Gill Denman is exhausted. She shakes her head of long grey hair and tells me she hasn't had a night's sleep for as long as she can remember.
Her Mum Mabel, who is 98, has dementia. Her dad Bill, 93, is temporarily in hospital. Although a worry to Gill, it means at least for a short time she has one fewer person to look after.
"I can hardly get any sleep. I end up sleeping on the hall floor to be near mum - some nights she can get up 20 to 30 times in a night and you put her back in bed and she's out of bed again. I'm constantly exhausted."
Gill is caught in a care trap which has become familiar to many families. She's given up work and every last remnant of her social life to look after her elderly parents, simply because she feels she has no choice.
There is no help from the state because the three of them jointly own their home in Essex.
Currently, if you have assets of £23,250 or over, you are responsible for all your care costs in your elderly years.
For Gill and for many others, it's a shock to learn that neither the NHS nor local authorities will step in.
Gill gets a carer's allowance - just under £60 a week - and her mum's care costs £48 for three hours of help a week.
But she has no idea when the bills will end, particularly if Mabel becomes too difficult to look after at home, and needs to move into residential care.
For Gill, the thought of possibly having to sell the family home to pay for care in the future weighs heavily on her - not least as it means she herself would lose a roof over her head.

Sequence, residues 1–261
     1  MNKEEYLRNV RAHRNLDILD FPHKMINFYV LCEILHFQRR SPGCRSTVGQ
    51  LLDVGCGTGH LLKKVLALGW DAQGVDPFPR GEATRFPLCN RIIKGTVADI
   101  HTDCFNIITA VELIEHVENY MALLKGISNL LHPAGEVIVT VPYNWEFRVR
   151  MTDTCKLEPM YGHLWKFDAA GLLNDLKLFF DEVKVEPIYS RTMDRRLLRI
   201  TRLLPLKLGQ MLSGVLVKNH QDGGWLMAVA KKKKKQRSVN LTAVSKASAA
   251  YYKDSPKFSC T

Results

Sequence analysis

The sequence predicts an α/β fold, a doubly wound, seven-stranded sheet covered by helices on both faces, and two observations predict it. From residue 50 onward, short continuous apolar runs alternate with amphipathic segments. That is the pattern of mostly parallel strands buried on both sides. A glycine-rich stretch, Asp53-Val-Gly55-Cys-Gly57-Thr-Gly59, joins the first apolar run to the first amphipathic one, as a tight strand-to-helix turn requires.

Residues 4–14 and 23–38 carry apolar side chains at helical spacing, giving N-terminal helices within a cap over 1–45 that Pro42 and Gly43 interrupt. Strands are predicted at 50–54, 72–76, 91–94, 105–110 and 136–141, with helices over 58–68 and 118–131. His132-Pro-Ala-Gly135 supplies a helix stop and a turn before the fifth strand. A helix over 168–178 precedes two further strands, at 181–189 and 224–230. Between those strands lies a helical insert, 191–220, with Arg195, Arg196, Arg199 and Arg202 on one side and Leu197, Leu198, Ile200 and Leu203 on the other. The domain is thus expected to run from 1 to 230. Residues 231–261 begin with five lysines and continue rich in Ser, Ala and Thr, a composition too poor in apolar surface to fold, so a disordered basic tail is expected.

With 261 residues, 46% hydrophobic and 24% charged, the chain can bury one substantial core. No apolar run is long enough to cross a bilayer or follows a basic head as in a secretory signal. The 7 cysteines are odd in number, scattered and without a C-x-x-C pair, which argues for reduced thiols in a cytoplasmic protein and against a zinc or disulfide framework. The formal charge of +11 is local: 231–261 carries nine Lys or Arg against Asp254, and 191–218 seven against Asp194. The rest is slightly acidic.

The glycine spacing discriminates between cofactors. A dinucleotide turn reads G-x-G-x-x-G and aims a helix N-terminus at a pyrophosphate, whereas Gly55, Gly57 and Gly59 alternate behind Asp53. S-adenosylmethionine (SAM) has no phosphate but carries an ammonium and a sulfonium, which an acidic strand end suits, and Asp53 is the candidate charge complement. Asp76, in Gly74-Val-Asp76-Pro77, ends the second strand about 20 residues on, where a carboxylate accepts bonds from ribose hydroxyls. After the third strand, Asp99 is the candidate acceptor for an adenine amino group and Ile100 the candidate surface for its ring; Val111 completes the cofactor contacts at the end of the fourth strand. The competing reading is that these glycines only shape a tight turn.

"I find that my previous life is almost like a dream. The reality now is that I don't think about tomorrow. I try not to because it frightens me too much."
With the number of people living over 85 predicted to double in the next 20 years, this is a scenario which is becoming all too familiar - causing a crisis in elderly care and prompting the government to act.
The Care Bill, due to become law in the next two years, is designed to protect families from catastrophic care costs.
It sets a limit on what any one person has to pay for care at £72,000 and will now step into help if you have assets of less than £118,000.
On the surface, this has been welcomed by many as a significant improvement.
But delve deeper - as we have for this week's Tonight programme - and we would all do well to read the small print: alarming for our elderly parents, but equally alarming for all of us as we contemplate our twilight years - radically reshaping ideas of inheritance, home ownership and a happy retirement.
Tonight: Looking After Mum & Dad, 7.30pm on ITV and then on the ITV Player